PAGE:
Why Pay the Chief? Land Rents and Political Selection in Indonesia

Gedeon J. Lim (Boston University)

Abstract : Much of modern development efforts are channeled through traditional local governance. Yet, despite their importance as politician-bureaucrats, local leaders are rarely paid a living wage. This paper studies the effect of awarding chiefs cultivation rights over village rice land, a stable revenue generating asset, during their term of office. Using a fuzzy spatial regression discontinuity design, I exploit a historical natural experiment in Java where in the nineteenth century a homogeneous region was split, and in one part chiefs were awarded cultivation rights but not in the other. To measure political outcomes, I collect original data from the field tracing the modern electoral history of 931 chiefs in 193 villages. Higher land rents cause positive chief performance and economic development. Chiefs raise more funds and construct more public goods such that areas under their control are richer and more developed even today. I find evidence consistent with historically positive political selection as a key mechanism. Higher rents attracted better quality chiefs in the past. These chiefs were so effective at educational provision that the entire village today remains more educated. As a result, despite higher land rents attracting a higher quality pool of candidates today, neither candidates nor chiefs today are more selected compared to the average villager. Instead, positive development outcomes today are shaped by the selection of chiefs whose interests are aligned away from supra-village elite interests. Overall, my findings provide evidence that paying local leaders from a stable source of local revenue can be good for economic development.

The Price of Power: Costs of Political Corruption in Indian Electricity

Meera Mahadevan (University of California, Santa Barbara)

Abstract : Political capture of public electricity provision may benefit targeted consumers through informal subsidies. However, this causes leakages in utility revenues, inhibiting their ability to reliably supply electricity to the broader consumer base. Using a close-election regression discontinuity design, and a confidential dataset on the universe of geo-coded electricity bills from a large state in India, I show that billed electricity consumption is lower for constituencies of the winning party after an election. However, actual consumption, as measured by satellite nighttime lights, is higher for these regions. I find new evidence to explain this discrepancy -- politicians illicitly subsidize their constituents by systematically allowing the manipulation of electricity bills. To address this corruption through policy, it is important to measure the size of the welfare losses, and compute demand elasticities. I develop a method to estimate elasticities in the presence of data manipulation by leveraging exogenous variation from policy-led price changes and predictive analytics. The net deadweight loss I estimate is large enough to power 3.7 million rural households over an electoral term.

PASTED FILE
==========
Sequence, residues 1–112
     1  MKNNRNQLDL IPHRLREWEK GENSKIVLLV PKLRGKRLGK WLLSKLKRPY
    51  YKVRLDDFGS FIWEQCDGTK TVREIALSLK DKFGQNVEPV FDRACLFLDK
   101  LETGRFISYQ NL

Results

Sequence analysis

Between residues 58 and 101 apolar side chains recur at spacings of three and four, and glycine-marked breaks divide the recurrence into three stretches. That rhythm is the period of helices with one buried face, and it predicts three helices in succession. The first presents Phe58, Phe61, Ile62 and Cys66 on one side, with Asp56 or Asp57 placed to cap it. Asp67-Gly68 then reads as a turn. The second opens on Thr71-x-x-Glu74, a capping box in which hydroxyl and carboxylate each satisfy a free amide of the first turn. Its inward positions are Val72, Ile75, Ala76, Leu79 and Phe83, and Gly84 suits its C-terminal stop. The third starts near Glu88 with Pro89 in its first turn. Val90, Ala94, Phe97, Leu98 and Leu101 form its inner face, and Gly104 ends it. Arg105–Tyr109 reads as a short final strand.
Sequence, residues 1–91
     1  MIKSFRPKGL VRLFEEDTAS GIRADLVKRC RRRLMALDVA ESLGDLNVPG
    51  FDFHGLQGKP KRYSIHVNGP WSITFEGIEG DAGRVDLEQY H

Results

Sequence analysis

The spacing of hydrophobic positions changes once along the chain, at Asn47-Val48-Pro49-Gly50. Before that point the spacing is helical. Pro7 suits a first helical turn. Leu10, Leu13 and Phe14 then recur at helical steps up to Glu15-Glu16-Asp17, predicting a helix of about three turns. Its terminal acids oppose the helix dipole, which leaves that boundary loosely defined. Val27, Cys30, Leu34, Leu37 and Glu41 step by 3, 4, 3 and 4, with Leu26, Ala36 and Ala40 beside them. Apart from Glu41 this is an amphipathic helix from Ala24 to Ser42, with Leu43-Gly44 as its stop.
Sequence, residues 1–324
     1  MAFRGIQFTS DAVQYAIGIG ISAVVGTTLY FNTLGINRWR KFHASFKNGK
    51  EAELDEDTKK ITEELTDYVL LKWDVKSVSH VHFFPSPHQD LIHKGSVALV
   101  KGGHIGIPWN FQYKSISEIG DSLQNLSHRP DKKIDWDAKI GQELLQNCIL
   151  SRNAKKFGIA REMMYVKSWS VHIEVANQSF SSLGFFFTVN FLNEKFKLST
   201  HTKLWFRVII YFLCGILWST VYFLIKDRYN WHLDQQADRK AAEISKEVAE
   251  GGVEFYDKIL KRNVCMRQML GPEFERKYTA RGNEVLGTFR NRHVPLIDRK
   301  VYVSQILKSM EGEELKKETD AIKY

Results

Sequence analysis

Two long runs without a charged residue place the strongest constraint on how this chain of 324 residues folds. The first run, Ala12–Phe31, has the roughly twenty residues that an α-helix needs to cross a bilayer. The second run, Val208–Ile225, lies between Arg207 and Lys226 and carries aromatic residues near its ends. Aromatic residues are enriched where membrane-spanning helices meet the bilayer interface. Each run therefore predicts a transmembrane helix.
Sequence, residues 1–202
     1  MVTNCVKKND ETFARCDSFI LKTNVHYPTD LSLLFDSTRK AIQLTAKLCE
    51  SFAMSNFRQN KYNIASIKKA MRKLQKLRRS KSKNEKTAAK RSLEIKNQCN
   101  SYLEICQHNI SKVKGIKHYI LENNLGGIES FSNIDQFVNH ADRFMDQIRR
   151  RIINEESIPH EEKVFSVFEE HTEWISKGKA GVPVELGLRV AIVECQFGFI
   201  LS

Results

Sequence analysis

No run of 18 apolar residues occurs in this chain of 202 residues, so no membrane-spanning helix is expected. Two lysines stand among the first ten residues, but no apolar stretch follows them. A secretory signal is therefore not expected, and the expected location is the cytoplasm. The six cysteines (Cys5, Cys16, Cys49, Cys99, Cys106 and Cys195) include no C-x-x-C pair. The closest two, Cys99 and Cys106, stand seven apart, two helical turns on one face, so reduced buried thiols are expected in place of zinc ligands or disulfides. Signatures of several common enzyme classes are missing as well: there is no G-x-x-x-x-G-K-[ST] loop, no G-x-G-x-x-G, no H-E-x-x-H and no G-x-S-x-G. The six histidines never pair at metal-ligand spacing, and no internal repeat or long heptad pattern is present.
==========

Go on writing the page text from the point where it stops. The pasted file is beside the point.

Corrupt Bureaucrats: the Response of Non-elected Officials to Electoral Accountability

Michele Valsecchi (New Economic School)

Abstract : Modern state bureaucracies are designed to be insulated from political interference. Successful insulation implies that politicians' electoral incentives do not affect bureaucrats' corruption. I test this prediction by assembling a unique dataset on corruption, promotions and demotions for more than 4 million Indonesian local civil servants. To identify the effect of reelection incentives, I exploit the existence of term limits and a difference-in-difference strategy. I find that, in districts where politicians can run for reelection, bureaucrats' corruption is 38 percent lower than in districts where they cannot, and that the effect is driven by both top and lower level bureaucrats, which constitutes new evidence of the deep, far-reaching effects of politicians' accountability on local civil servants. Robustness tests, including placebo estimates, the control for politicians' ability and restricting the sample to close elections, support the main findings. I then explore a mechanism where bureaucrats have career concerns and politicians facing reelection manipulate such concerns by increasing the turnover of top bureaucrats. Consistent with this mechanism, I find that reelection incentives increase demotions of top bureaucrats and promotions of administrative bureaucrats.